Spontaneous Strategy: The Art of Viral Content
Apparently unplanned, successful viral content requires major strategy.
Viral content may seem spontaneous but in reality requires a detailed marketing strategy.
Viral content has the reputation for being a spontaneous, unplanned form of content marketing that gains its own momentum. But as CEO of Virool.com Alexander Debelov explains in this lucid Q&A, behind most viral brand content there are detailed, marketing plans.
Why should viral content be a goal for marketers and their campaigns?
Viral content should definitely be integral to marketing campaigns. But I think there's a misconception [about viral content]. First is when we think of something as viral, a lot of people tend to think of this element of surprise or something unexpected. Or we think viral content is something that simply took off [or gained momentum] on its own. Things do go viral, sometimes, on their own. But generally, [viral content] stems from a very defined process with steps in order to become popular on the Web.
The challenge for marketers today is to get people [in their target audience] to share brand-related content with their friends. Basically [marketers] enable consumers to become brand advocates for them. Traditional messages—TV or radio—don't do this. Viral content does.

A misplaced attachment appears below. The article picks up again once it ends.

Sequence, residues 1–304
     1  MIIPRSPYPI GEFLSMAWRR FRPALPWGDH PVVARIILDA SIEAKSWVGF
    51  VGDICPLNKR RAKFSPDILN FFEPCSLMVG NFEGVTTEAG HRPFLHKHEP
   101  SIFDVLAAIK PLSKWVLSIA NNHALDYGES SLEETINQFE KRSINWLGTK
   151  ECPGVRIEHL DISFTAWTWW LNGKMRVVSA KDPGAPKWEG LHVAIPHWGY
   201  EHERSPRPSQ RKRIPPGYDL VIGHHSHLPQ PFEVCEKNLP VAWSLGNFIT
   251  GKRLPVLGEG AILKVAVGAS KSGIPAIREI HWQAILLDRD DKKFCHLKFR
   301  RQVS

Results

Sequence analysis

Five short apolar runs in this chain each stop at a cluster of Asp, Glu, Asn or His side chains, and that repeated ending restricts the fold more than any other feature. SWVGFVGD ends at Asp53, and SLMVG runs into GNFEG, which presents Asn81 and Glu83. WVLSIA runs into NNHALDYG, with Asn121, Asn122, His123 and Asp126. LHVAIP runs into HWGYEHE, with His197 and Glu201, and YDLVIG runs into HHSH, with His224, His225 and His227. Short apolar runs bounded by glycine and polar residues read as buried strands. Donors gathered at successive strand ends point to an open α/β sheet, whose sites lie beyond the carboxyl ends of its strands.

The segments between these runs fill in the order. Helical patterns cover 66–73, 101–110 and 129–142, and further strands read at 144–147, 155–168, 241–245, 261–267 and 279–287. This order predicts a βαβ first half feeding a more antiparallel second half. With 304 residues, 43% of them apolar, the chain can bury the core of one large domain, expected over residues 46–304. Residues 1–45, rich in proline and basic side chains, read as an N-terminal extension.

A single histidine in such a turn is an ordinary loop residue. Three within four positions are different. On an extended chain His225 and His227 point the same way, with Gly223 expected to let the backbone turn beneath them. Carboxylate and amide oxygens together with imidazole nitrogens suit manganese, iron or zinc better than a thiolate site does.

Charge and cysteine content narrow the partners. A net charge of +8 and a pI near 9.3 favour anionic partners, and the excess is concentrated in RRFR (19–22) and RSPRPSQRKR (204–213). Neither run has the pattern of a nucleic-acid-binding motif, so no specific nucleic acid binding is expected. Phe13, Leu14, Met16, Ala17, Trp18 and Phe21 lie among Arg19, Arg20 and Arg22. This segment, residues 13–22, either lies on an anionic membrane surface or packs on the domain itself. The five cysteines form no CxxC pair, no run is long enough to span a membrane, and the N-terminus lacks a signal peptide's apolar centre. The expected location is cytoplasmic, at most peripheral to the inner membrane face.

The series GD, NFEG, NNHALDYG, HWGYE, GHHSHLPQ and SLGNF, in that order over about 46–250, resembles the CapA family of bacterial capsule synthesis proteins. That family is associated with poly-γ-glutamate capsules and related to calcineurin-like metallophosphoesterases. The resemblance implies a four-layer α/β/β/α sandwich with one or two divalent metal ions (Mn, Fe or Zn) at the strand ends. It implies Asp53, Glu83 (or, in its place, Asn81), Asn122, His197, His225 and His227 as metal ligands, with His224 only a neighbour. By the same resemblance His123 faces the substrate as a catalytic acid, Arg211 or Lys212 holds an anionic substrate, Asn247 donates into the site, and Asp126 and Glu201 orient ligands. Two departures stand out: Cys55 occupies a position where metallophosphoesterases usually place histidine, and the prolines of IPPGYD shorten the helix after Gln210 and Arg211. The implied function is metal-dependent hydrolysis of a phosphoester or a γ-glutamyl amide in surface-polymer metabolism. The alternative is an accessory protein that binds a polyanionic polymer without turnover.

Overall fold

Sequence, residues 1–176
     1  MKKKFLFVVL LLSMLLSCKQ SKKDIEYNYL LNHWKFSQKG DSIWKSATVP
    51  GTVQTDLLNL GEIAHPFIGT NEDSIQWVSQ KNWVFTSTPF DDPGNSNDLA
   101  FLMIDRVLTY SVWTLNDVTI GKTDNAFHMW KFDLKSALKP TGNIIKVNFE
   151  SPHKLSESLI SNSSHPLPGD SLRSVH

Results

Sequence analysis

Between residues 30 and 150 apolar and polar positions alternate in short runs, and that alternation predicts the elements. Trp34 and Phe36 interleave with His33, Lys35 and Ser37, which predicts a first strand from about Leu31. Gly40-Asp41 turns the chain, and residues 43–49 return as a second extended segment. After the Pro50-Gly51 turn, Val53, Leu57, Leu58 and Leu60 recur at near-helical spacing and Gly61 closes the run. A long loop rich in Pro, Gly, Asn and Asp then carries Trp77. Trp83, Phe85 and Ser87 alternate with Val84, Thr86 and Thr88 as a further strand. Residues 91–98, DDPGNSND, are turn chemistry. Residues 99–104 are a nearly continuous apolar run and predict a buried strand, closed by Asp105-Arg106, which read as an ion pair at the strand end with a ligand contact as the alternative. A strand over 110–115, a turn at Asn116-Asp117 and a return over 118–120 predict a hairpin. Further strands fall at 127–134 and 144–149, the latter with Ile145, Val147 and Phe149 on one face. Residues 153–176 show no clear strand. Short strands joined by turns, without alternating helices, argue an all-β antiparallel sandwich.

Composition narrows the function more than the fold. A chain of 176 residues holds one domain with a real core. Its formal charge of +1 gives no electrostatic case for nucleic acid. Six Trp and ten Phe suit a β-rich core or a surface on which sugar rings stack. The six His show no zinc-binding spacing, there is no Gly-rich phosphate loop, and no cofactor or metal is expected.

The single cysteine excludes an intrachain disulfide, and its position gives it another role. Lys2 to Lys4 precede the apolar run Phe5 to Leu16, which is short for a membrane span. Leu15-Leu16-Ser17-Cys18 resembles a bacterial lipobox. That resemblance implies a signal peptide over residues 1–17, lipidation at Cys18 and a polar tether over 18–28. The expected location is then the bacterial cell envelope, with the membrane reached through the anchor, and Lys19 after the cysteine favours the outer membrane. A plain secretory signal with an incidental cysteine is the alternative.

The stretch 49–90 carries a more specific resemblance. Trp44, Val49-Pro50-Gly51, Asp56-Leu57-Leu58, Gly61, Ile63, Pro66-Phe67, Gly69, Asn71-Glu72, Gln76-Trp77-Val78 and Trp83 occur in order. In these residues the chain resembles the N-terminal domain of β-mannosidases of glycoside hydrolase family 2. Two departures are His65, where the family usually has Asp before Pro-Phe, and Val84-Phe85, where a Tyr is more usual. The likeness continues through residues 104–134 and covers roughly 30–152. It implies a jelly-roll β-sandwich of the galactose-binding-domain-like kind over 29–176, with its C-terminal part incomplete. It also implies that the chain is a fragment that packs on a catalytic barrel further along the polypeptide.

So, can you define viral for us, and explain the varying degrees of viral content?
The way that I look at viral content is any content that gets the consumer to engage and then share—particularly on social media. It also means some level of high engagement, either in great numbers or resonance among a specific audience.
As for varying degrees, there really are a number of levels in which content can go viral. Articles, videos, and other content can go viral without mass numbers but reach a goal of a particular sect of people in a particular region. And on top of that people share that content. You don't need millions of people sharing it—just the people in your target demographic. You have to understand that markets are limited. You can create content with mass appeal, but there's equally effective content that is more niche. It's that niche content which can appeal to a particular community. And it's those people in that community who become brand advocates.
How important is a viral video in an omnichannel campaign that has several moving parts?
That depends on the marketer and what the goals of the campaign are. The role of a viral content plan depends on the campaign that the marketer is planning to run. If you have a successful piece of content and have several channels available in an omnichannel campaign, use that content's success to your advantage. Look at [the channels] where the most engagement takes place and strategically position the content that you would like to go viral into those channels. This is a great strategy to get the word out. People will begin to recognize and relate to that content right away.